Money Talking

Money Talking

From WNYC Radio

New Yorkers crave informed and intelligent business and economic news. WNYC's Money Talking brings you just that with lively conversations that go beyond the headlines and the jargon to explore the most important business stories of the week. Every Friday join Jeff Greenfield as he hosts regular WNYC contributors Joe Nocera (The New York Times) and Rana Foroohar (Time). Context, conversation and insight. That's WNYC's Money Talking.More from Money Talking »

Most Recent Episodes

EpiPen Under Fire for High Price

Another big pharmaceutical company CEO is in the hot seat. This time it's Heather Bresch of Mylan Laboratories who's explaining why the price for an EpiPen 2-Pak has gone from about $100 to nearly $600 in just a few years. On Thursday, the company said it'd offer a savings card to cover up to $300 for the auto-injector which is used to reverse stop life-threatening, allergic reactions. But consumers and legislators are still outraged and asking Bresch to go beyond offering subsidies and lower EpiPen's cost. Mylan joins the ranks of other drug companies like Valeant and Turing, which have been criticized for similar price hikes. Most recently, former Turing CEO Martin Shkreli came under fire for raising the price of a drug for AIDS and cancer patients from $13.50 a pill to $750. This week on Money Talking, host Charlie Herman talks to Business Insider's Linette Lopez and Rob Cox of Reuters Breakingviews about the EpiPen price hike and the effect expensive drugs have on the country's healthcare system.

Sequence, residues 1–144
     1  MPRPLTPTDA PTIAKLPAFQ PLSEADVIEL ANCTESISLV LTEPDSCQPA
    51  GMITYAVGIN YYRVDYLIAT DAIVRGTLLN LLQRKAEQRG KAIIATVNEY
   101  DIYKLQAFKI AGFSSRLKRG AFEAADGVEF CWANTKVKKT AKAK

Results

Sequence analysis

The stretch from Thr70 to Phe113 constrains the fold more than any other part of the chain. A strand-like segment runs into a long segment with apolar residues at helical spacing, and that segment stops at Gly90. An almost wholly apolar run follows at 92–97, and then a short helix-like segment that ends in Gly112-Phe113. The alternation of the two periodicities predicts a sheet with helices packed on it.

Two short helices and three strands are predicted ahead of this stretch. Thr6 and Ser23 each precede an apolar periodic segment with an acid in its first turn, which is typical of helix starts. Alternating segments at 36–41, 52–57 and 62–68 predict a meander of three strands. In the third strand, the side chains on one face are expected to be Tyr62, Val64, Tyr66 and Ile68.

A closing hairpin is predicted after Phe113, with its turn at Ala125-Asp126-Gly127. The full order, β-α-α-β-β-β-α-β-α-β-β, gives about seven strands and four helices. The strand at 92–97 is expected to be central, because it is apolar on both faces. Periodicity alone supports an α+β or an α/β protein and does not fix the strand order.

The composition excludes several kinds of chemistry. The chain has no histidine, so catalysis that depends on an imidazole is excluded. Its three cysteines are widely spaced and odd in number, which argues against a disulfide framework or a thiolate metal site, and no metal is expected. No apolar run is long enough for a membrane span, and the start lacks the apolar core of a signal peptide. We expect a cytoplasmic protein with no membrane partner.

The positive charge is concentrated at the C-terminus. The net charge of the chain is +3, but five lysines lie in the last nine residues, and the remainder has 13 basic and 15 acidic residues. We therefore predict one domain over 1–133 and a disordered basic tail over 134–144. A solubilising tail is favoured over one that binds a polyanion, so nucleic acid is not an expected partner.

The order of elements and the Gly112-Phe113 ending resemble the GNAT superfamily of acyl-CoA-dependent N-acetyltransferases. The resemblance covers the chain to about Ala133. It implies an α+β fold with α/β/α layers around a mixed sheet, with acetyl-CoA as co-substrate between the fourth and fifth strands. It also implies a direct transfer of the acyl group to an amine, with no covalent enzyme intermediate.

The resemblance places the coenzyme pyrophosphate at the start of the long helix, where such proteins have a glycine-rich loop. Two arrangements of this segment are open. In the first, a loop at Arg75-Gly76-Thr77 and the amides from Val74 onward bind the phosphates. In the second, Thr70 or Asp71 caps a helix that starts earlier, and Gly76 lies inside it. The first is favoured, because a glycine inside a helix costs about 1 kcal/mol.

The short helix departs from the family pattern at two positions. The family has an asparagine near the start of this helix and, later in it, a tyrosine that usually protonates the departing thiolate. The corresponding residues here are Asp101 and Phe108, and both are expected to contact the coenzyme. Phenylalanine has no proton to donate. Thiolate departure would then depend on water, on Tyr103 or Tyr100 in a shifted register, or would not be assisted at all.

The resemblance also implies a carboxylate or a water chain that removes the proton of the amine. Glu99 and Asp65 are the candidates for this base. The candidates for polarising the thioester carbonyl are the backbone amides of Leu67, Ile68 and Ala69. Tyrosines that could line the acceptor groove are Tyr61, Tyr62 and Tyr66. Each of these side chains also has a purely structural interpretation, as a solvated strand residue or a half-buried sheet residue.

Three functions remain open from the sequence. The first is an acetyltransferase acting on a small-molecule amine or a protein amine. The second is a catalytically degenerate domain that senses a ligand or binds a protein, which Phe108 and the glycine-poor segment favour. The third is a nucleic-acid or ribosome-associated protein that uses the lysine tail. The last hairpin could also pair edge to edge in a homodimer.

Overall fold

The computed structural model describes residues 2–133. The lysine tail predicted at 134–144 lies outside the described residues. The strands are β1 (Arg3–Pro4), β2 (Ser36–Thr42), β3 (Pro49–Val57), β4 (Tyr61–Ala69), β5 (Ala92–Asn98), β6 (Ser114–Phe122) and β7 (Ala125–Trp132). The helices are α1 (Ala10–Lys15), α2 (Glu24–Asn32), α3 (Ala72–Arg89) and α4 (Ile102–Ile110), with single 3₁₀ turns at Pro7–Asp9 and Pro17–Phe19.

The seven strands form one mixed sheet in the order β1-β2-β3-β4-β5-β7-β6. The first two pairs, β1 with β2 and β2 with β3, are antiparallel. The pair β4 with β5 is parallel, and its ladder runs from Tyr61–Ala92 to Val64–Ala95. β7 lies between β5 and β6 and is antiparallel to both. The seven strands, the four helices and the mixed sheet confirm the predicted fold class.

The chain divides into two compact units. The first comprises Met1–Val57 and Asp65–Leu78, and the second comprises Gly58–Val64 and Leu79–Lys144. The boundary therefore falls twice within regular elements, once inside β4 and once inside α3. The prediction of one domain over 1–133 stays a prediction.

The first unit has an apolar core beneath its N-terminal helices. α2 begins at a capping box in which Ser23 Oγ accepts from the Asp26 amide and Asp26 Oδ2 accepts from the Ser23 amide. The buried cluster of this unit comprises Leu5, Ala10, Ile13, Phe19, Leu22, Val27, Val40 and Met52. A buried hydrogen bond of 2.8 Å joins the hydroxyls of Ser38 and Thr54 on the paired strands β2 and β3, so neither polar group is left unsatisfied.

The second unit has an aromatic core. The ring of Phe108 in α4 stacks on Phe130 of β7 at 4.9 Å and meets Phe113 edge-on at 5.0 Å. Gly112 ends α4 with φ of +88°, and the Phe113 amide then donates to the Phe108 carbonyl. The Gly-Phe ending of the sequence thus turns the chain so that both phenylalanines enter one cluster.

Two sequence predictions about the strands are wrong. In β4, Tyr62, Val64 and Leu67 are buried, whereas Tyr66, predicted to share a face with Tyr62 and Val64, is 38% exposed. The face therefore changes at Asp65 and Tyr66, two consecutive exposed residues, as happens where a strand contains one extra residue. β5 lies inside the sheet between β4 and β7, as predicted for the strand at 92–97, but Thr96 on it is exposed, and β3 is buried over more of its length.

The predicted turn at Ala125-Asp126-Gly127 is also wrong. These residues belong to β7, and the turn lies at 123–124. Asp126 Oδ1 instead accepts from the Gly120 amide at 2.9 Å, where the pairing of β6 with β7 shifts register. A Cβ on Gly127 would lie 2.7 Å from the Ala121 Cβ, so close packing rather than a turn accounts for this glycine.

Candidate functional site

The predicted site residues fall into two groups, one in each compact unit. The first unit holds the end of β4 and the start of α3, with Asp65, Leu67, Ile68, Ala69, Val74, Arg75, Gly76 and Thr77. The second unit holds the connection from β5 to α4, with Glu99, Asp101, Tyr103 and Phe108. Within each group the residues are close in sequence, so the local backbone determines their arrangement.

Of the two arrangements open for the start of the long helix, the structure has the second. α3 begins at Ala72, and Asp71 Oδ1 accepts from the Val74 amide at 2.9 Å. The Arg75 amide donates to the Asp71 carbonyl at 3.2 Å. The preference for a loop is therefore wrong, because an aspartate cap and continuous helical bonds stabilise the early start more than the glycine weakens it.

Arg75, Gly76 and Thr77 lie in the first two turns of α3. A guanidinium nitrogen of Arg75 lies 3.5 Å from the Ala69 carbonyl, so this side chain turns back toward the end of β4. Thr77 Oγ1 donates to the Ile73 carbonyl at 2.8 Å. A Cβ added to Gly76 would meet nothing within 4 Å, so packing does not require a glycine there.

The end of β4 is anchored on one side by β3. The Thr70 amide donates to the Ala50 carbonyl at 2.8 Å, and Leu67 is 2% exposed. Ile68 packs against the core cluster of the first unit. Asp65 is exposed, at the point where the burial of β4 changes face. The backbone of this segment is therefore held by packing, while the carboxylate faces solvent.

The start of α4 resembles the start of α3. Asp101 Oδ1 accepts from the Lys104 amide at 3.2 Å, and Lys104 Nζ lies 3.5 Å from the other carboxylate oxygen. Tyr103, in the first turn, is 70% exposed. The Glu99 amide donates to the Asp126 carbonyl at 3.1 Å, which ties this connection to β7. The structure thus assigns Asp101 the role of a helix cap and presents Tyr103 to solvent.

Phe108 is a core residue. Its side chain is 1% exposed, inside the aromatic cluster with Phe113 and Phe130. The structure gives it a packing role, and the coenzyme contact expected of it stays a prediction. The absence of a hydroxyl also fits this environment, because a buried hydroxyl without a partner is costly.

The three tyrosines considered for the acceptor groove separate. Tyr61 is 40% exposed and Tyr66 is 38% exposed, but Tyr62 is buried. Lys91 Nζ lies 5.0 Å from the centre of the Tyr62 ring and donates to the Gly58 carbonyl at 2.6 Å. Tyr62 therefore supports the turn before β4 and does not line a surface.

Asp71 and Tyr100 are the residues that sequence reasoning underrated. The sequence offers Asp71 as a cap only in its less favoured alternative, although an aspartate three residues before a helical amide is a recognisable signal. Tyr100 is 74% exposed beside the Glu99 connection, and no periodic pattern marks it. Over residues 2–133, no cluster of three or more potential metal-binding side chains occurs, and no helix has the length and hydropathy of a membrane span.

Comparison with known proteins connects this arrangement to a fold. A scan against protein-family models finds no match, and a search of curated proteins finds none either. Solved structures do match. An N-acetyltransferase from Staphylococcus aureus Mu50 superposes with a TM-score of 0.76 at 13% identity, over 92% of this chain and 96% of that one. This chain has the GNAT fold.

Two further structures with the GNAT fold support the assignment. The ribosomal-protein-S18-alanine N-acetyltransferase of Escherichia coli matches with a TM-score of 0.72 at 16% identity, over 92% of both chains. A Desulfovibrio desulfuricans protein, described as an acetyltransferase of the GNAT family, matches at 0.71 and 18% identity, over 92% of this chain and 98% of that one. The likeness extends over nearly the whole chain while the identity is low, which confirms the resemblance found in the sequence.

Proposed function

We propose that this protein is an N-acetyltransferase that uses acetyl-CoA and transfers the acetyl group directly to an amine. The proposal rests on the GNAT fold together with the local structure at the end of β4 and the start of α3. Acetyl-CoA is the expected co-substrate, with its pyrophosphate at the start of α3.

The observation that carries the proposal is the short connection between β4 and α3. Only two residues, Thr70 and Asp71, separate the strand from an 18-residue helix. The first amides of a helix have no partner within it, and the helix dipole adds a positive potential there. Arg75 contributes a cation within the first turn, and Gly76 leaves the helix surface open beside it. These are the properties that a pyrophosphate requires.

Obamacare Faces New Hurdles

Obamacare seems to be in trouble again — but this time it's not because another legal challenge is before the Supreme Court or Republicans in Congress are voting to repeal it. Aetna, one of the nation's largest healthcare companies, announced this week it's going to dramatically cut back its participation in the law because it's costing the company too much money. The Obama administration may have seen this decision coming. Wednesday, the Huffington Post reported Aetna had threatened to stop offering insurance through Obamacare if the Justice Department blocked its plan to merge with health insurer Humana — which it did in July. If Aetna follows through, thousands of people who currently have health care will to have to scramble to find coverage next year. This week on Money Talking, Jonathan Cohn of the Huffington Post and Tami Luhby of CNNMoney discuss whether Aetna's move means real trouble for one of President's biggest legacies, or if the Affordable Care Act is merely suffering growing pains.